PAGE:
Later, Ferreras thought that she should try for even deeper:

I began to think that we were selling ourselves short. I didn’t understand why Audrey couldn’t shoot for 170 meters.

And after a successful 170 dive, he pushed for more:

I’d been obsessed with [diving] all my life, and I was suddenly more obsessed than ever.
“Audrey,” I said. “Why not go for one eighty-two? Six hundred feet even.”

In reading the book it is obvious that Pipin adored Audrey, and it is also clear that Audrey loved the sport itself and consented to the dives she made. However, there is also a sense that Pipin’s bravado and competitiveness was the ultimate force that led to Audrey’s death. It is telling that whilst she says several times that she is not interested in competition or breaking records, Pipin on the other hand, can’t stand the thought of others being better than him. And it is after he suffers from one diving accident too many which puts his diving on hold, that his focus on records becomes more dependent on Audrey. This is illustrated when he says to Audrey, “If you make it, I make it. You’d be doing it for both of us.”

Pipin Ferreras was twelve years older than Audrey and they met when she was 21. He was already an internationally renouned sportsman with high profile sponsorship and media coverage. She was finishing her degree in Marine Biology. One might say that Audrey was awed by Ferreras’s achievements and dominant personality. Ferreras himself concedes that perhaps her belief in her diving ability was solely founded in his own boundless confidence in her.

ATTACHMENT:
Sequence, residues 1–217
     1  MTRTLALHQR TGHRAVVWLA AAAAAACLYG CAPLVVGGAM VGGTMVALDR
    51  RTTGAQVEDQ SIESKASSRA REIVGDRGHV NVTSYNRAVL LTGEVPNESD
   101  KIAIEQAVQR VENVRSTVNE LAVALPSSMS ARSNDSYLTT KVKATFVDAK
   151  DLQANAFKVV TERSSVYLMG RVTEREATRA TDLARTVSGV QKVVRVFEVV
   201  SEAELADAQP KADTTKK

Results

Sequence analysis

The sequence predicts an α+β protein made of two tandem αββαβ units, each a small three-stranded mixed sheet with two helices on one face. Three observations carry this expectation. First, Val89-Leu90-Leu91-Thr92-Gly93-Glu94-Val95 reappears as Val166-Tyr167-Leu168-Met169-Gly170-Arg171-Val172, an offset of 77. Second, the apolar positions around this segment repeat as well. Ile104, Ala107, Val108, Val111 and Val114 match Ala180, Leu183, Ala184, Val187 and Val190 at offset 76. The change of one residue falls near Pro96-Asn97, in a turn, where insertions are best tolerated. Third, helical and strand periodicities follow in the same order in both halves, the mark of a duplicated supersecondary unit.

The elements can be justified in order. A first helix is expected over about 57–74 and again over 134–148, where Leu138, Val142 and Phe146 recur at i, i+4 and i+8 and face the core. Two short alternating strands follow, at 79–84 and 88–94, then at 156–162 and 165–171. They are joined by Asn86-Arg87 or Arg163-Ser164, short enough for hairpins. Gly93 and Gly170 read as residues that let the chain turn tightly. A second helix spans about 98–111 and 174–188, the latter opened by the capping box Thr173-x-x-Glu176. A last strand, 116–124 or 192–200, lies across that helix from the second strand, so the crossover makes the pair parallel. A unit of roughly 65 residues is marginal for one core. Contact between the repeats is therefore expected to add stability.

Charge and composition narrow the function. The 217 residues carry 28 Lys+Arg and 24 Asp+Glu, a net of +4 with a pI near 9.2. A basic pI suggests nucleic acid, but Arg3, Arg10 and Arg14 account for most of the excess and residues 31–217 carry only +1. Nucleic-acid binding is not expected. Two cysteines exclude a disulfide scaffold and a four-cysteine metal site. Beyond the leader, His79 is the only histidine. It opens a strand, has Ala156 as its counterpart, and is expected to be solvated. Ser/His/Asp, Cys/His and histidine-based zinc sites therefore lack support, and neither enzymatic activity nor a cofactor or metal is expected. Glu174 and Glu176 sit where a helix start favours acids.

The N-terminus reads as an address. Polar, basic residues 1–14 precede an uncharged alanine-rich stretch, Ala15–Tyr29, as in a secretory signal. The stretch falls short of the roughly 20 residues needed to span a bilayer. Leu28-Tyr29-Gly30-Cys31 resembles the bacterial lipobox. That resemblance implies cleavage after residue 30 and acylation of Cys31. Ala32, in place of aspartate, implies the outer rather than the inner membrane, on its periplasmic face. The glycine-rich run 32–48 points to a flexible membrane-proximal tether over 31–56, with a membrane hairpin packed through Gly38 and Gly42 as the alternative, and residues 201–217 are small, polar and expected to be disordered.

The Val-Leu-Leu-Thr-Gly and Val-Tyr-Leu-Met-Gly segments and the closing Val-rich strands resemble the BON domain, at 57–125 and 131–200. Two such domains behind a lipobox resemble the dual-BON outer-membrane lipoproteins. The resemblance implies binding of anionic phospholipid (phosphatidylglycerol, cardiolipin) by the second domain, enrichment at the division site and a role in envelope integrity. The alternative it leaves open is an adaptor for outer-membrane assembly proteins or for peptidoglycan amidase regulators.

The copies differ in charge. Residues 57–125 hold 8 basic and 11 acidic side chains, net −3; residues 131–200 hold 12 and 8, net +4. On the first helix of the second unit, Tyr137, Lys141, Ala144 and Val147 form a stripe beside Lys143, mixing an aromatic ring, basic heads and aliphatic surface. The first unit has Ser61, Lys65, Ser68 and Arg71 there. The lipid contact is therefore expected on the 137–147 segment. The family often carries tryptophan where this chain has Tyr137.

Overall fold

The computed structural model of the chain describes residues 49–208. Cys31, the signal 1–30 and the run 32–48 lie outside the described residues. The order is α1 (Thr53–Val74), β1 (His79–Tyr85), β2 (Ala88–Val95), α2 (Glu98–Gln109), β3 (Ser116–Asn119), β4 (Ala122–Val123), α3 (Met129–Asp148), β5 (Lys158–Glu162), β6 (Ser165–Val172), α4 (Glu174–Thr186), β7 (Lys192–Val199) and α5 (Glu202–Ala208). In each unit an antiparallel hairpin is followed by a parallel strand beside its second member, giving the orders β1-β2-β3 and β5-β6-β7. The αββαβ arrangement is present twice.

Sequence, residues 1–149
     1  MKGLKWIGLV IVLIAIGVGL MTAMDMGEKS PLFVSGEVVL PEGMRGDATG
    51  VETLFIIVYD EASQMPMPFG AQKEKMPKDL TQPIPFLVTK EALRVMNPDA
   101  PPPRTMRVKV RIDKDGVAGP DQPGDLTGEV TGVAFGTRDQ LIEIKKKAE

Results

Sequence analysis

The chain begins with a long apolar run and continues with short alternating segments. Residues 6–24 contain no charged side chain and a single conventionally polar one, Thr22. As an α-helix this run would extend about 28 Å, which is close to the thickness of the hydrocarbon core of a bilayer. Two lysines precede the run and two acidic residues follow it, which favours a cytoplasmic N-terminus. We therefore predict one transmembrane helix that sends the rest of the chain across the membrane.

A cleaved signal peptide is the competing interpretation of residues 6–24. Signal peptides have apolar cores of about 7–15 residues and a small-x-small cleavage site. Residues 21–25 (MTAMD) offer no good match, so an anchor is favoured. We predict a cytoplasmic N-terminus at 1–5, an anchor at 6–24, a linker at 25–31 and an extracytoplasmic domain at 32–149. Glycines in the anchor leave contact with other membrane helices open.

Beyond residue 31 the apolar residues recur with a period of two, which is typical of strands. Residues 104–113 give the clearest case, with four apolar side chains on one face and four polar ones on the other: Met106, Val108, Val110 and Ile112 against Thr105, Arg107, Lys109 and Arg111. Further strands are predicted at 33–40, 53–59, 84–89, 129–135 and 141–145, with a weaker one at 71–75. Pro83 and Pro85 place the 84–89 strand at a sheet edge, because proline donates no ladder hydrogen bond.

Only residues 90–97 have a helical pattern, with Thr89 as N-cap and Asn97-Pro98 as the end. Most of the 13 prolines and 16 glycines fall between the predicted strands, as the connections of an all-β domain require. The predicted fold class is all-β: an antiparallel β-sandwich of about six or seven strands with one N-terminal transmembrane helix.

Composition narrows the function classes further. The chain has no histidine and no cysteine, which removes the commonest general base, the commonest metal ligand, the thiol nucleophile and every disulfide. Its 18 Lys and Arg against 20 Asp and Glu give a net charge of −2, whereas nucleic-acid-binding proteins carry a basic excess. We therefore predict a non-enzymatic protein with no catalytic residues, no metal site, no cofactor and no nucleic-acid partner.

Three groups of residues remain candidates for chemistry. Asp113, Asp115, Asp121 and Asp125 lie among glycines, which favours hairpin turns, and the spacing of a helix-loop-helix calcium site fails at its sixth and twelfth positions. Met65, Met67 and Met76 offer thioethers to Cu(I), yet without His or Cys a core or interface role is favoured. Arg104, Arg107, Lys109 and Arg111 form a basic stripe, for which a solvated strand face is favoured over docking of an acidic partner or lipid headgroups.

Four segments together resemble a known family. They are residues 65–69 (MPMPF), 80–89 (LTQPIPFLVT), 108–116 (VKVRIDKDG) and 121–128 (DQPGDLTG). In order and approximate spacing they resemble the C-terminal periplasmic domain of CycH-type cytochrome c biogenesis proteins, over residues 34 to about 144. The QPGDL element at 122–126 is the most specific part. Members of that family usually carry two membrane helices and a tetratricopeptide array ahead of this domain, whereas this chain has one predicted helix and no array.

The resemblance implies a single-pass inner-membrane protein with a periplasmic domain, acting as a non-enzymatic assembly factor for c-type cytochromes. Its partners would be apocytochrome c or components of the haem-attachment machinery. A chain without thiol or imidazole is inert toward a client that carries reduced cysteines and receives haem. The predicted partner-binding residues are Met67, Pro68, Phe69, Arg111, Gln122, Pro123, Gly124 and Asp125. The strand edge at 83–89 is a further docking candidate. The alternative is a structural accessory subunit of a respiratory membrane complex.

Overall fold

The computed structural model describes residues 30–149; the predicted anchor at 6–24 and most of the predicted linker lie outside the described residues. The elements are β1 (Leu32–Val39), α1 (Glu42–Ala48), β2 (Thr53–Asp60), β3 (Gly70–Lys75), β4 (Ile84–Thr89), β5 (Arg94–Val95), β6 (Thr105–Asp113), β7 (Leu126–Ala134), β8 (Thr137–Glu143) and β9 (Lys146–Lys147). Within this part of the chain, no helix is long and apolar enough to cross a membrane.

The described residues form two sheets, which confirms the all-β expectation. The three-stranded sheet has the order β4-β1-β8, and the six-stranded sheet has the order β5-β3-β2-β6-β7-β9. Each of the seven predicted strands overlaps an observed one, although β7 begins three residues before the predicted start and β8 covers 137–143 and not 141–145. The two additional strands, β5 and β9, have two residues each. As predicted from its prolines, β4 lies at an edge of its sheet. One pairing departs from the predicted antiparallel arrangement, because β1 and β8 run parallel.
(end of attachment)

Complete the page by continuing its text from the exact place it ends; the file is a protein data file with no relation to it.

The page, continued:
Nevertheless, despite all these reservations that one might have as to Ferreras’s role and responsibility in her death, it should not be forgotten that ultimately it was Ferreras himself that lost out. Audrey was as competetent as any adult could be in making decisions about her own life, and she was the one who freely consented to travelling down that 170 meter line. Whilst Audrey is no longer able to introspect on what-if, Ferreras will be reliving the event for the rest of his life. Yes, one might argue that Ferreras coerced an impressional young woman into attempting a deadly activity that he himself wouldn’t risk, but this to me seems to neglect the most important facts. We are all impressionable to some degree, we all have an achillies that if pressed in the right way by the right people, might make us do things we wouldn’t at another time. But then without this we wouldn’t be human and we wouldn’t be the person we are. And the picture that we get of Pipin and Audrey from Ferreras’s book shows human personalities in their most radiant of colour.

Coaching Violent and Dangerous Sports

I’m in the process of writing a book chapter on an edited work about ethical issues in sports coaching with Professor Stephen Olivier.

(I just gave an overview on wordpress and when I saved it, it disappeared apart from the first line above…. absolutely gutted!!)

(So, second time lucky… hopefully a shorter version.)

What we originally intended to do was to take a liberatarian position on coaching violent, dangerous and risky sports: essentially that if a person wants to put themselves at risk and in danger of serious or even fatal injury, then there is no obligation for a coach to intervene or prevent them from doing so.

However, after having thought about it for a while, I am now thinking that we may have to take a soft paternalist stance as it may be that the definition of a coach / instructor entails a certain degree of responsiblity towards those coached, even if just to make their athletes aware of the risks and the coach’s judgment of the athlete’s skill level and capacity to accurately assess their own ability and risk.

There are lots of questions all tangled up in this issue (which I wrote down earlier but I’m not going to do so again) so it may be that it becomes too much to deal with in a single book chapter.

Anyway, the reason for this blogpost is to ask if anyone had any thoughts, comments or suggested readings on this.